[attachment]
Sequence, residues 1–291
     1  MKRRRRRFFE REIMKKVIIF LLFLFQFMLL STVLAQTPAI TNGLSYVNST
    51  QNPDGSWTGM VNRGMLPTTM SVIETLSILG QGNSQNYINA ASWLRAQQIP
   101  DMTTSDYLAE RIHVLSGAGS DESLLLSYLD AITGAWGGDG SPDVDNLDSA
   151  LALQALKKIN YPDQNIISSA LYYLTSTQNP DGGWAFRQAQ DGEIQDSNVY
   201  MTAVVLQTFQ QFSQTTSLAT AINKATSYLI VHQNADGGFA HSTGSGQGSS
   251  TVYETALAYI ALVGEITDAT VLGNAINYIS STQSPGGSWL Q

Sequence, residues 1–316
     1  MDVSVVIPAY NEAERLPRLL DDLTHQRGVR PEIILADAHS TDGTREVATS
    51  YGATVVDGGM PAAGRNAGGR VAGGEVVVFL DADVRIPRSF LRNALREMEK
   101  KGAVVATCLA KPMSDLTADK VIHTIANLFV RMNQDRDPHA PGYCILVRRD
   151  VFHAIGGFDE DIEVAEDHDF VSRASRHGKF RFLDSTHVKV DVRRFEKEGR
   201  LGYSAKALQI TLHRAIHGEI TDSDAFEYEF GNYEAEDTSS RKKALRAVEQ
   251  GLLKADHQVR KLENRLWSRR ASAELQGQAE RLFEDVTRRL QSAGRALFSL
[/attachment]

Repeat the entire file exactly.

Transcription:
Sequence, residues 1–291
     1  MKRRRRRFFE REIMKKVIIF LLFLFQFMLL STVLAQTPAI TNGLSYVNST
    51  QNPDGSWTGM VNRGMLPTTM SVIETLSILG QGNSQNYINA ASWLRAQQIP
   101  DMTTSDYLAE RIHVLSGAGS DESLLLSYLD AITGAWGGDG SPDVDNLDSA
   151  LALQALKKIN YPDQNIISSA LYYLTSTQNP DGGWAFRQAQ DGEIQDSNVY
   201  MTAVVLQTFQ QFSQTTSLAT AINKATSYLI VHQNADGGFA HSTGSGQGSS
   251  TVYETALAYI ALVGEITDAT VLGNAINYIS STQSPGGSWL Q

Sequence, residues 1–316
     1  MDVSVVIPAY NEAERLPRLL DDLTHQRGVR PEIILADAHS TDGTREVATS
    51  YGATVVDGGM PAAGRNAGGR VAGGEVVVFL DADVRIPRSF LRNALREMEK
   101  KGAVVATCLA KPMSDLTADK VIHTIANLFV RMNQDRDPHA PGYCILVRRD
   151  VFHAIGGFDE DIEVAEDHDF VSRASRHGKF RFLDSTHVKV DVRRFEKEGR
   201  LGYSAKALQI TLHRAIHGEI TDSDAFEYEF GNYEAEDTSS RKKALRAVEQ
   251  GLLKADHQVR KLENRLWSRR ASAELQGQAE RLFEDVTRRL QSAGRALFSL